Here is my “Full Body in 15 Workout.” Thanks to my good friend, trainer, cycling partner, confidant (and sometimes torturer!) Greg Wasilczyk. He certainly knows how to get the most out of 15 minutes. My workout motto is, "Just be better than when you started!" This workout will help you get there. Enjoy!

1 minute jumping rope: This increases your heart rate and warms up your muscles.

10 full lunges (5 on each side): This will stretch and strengthen your quadriceps and hip flexors. As you step forward into a lunge, if you raise your arms straight out above your head, you will feel a stretch throughout your lower back as well.

15 push-ups: This strengthens your upper body (including your chest and upper back muscles, as well as your biceps and triceps) and builds core strength (since your abs are engaged). If doing 15 full push-ups is too hard for you, drop to your knees and do them from there, but definitely start on your toes.

6 lunges (3 on each side): This time hold your arms out straight with your hands together, then rotate at the hip to your left as far as you can comfortably stretch and then to your right. This movement allows you to feel a stretch throughout your lower back, as well as in the quadriceps and hip flexors.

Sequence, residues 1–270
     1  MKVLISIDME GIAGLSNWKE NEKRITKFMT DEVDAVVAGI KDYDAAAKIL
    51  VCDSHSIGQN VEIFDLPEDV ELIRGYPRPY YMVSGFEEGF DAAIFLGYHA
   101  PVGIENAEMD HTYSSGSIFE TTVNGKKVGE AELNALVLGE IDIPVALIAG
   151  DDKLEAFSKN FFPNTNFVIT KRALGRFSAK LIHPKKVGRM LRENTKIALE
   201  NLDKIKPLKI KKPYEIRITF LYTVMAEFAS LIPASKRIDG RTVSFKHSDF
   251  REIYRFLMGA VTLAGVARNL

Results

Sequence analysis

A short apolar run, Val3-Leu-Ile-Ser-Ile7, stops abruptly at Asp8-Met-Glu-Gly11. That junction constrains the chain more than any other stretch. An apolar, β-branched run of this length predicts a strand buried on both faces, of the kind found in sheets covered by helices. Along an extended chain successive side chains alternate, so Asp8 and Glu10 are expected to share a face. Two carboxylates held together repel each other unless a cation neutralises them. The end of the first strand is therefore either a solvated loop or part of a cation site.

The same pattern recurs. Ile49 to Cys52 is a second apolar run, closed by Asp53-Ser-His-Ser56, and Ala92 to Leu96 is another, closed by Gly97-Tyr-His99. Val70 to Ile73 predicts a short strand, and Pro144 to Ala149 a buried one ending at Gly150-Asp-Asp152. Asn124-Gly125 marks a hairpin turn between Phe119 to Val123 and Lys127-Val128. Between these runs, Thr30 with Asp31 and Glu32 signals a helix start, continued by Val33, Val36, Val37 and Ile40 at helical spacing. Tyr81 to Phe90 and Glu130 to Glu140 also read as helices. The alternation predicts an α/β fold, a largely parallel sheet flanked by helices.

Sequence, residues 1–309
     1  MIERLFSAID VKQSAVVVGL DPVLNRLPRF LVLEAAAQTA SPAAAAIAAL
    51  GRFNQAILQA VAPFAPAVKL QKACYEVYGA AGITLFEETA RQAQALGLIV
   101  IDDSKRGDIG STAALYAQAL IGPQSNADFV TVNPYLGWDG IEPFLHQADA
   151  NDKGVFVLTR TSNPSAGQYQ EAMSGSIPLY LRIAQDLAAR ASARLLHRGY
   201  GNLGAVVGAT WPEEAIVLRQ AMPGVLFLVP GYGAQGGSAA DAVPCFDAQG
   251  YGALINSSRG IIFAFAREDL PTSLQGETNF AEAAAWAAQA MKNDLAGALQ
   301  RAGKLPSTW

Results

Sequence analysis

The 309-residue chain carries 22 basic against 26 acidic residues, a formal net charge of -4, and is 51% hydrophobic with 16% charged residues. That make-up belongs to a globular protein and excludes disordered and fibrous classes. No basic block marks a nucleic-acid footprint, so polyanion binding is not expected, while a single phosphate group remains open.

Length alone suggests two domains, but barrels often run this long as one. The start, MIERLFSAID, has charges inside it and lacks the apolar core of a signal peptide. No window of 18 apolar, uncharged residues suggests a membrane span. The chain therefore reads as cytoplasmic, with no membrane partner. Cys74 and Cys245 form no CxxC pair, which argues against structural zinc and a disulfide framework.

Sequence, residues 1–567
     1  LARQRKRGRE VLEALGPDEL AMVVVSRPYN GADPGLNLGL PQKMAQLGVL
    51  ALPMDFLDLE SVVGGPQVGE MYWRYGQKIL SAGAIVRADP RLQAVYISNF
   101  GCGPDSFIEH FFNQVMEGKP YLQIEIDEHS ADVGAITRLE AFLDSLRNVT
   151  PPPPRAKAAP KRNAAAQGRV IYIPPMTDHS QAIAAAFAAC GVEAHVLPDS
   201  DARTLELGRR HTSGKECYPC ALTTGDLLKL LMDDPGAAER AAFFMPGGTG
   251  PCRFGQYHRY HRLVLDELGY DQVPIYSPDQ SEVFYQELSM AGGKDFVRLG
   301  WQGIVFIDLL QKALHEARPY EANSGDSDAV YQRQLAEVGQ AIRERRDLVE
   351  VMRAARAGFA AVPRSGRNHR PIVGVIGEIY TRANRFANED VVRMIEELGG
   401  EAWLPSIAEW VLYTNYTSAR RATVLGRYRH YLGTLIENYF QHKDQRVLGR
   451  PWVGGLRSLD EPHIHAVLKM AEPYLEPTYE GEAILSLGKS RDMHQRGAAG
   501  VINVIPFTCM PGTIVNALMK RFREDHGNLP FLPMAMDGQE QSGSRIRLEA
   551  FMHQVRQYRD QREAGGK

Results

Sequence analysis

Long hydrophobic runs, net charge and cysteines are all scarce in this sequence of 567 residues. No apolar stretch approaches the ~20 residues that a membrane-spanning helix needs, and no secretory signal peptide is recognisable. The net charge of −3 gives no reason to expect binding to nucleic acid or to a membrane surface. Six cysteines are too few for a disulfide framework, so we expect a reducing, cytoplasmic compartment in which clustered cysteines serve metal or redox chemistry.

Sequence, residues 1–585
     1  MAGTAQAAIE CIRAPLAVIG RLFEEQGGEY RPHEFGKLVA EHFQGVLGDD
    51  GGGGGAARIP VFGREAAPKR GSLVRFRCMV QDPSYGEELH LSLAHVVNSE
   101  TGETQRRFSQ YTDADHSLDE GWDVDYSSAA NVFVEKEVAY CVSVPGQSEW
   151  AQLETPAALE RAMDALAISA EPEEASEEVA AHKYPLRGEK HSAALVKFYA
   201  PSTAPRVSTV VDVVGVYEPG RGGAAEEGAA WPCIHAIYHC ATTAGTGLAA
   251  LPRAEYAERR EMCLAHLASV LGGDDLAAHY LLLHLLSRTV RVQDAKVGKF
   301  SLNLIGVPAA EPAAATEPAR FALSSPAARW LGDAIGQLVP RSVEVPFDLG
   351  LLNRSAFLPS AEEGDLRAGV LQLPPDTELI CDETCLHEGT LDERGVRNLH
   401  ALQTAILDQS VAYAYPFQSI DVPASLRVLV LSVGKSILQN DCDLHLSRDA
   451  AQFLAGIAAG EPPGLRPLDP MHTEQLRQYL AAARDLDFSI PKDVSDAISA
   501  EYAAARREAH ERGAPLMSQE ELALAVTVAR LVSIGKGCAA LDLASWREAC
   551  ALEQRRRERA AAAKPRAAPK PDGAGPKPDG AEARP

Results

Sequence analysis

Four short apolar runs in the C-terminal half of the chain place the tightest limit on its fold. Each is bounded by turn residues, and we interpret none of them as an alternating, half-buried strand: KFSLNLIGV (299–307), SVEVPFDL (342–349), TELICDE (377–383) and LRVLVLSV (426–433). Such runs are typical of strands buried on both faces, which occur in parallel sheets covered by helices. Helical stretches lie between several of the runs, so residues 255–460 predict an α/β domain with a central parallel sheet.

15 chair dips: This is a great workout for your triceps as well as your shoulders. Start by sitting on the edge of a chair with your feet together. Place your hands on the edge of the seat on either side of your thighs, scoot your bottom forward off the seat, and keep your feet planted on the ground and your back straight. Bend your elbows at a 90-degree angle and lower yourself slowly toward the floor then push yourself back up.

15 full squats while holding a resistance band: The idea is to row at the same time, working your shoulders, arms, legs, and buttocks while engaging your core muscles! In a standing position, with your feet shoulder-width apart and pointing straight ahead, hold onto a resistance band that is secured (from the middle so you can pull both handles) to something stable, such as a fixed pole or a closet doorjamb at chest height; you want to make sure there is enough tension on the band so that when you row, you feel the pull! In a standing position, while facing the band, grasp the handles in front of you and lift your elbows to shoulder level; pull the band’s handles back behind you, squeezing the shoulder blades together at the same time. Then lower yourself into a full squat (getting as close to a 90-degree bend in your knees as possible); at the bottom, rest for a second on your haunches, then return to standing position. Do a total of 15 repetitions.

10 stretch and twist moves: This one’s for your core! Plant your feet about shoulder-width apart, stand so that one side of your body is to the side of a resistance band (it should be attached to a stable structure at chest height), and grasp the band with both hands. Rotate your body in the opposite direction, pulling the band across the chest while engaging your core muscles, then return to center. Do 10 on this side; then shift your body and do 10 on the other side.